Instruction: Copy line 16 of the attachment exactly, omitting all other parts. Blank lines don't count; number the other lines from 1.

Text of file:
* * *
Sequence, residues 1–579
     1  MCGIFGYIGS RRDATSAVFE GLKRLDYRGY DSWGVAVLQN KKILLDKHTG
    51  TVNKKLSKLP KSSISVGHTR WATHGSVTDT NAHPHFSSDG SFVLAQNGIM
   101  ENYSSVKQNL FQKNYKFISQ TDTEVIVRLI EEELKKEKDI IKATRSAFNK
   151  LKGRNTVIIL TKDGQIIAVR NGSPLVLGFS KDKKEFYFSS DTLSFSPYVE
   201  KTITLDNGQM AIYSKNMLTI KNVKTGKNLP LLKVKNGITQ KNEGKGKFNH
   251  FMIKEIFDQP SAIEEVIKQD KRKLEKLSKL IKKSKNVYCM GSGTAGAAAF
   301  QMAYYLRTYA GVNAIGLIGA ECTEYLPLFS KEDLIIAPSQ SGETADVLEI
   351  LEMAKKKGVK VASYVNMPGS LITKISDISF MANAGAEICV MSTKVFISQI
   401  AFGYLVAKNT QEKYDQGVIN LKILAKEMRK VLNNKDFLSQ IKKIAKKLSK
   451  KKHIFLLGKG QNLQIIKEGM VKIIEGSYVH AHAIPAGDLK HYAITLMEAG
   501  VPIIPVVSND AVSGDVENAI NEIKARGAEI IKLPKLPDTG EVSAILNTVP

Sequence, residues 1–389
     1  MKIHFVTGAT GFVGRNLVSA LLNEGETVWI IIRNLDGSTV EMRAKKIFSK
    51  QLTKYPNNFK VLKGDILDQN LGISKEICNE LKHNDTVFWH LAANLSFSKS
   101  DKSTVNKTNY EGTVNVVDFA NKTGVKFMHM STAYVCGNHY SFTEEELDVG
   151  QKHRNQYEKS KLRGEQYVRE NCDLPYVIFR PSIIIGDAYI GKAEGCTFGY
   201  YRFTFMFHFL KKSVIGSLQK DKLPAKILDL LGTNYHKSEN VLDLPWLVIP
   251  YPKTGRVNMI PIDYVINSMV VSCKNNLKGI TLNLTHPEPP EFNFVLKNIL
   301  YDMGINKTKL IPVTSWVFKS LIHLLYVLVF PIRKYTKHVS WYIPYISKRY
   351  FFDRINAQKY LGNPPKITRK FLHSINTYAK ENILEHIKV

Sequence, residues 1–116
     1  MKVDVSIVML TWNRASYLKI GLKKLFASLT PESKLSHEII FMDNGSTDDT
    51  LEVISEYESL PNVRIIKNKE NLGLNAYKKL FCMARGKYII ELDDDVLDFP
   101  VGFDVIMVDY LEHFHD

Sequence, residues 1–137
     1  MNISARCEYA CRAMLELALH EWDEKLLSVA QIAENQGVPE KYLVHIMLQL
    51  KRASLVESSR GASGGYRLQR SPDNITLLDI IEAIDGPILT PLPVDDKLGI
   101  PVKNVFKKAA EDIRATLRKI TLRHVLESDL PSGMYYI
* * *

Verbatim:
   101  DKSTVNKTNY EGTVNVVDFA NKTGVKFMHM STAYVCGNHY SFTEEELDVG